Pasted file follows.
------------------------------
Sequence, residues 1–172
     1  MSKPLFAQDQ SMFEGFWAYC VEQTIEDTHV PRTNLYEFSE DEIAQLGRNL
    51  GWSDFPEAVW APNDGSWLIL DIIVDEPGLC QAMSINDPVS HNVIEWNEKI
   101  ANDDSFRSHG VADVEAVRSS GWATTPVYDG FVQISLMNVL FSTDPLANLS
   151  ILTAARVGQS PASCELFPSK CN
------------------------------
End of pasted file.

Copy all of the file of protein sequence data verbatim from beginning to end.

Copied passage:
Sequence, residues 1–172
     1  MSKPLFAQDQ SMFEGFWAYC VEQTIEDTHV PRTNLYEFSE DEIAQLGRNL
    51  GWSDFPEAVW APNDGSWLIL DIIVDEPGLC QAMSINDPVS HNVIEWNEKI
   101  ANDDSFRSHG VADVEAVRSS GWATTPVYDG FVQISLMNVL FSTDPLANLS
   151  ILTAARVGQS PASCELFPSK CN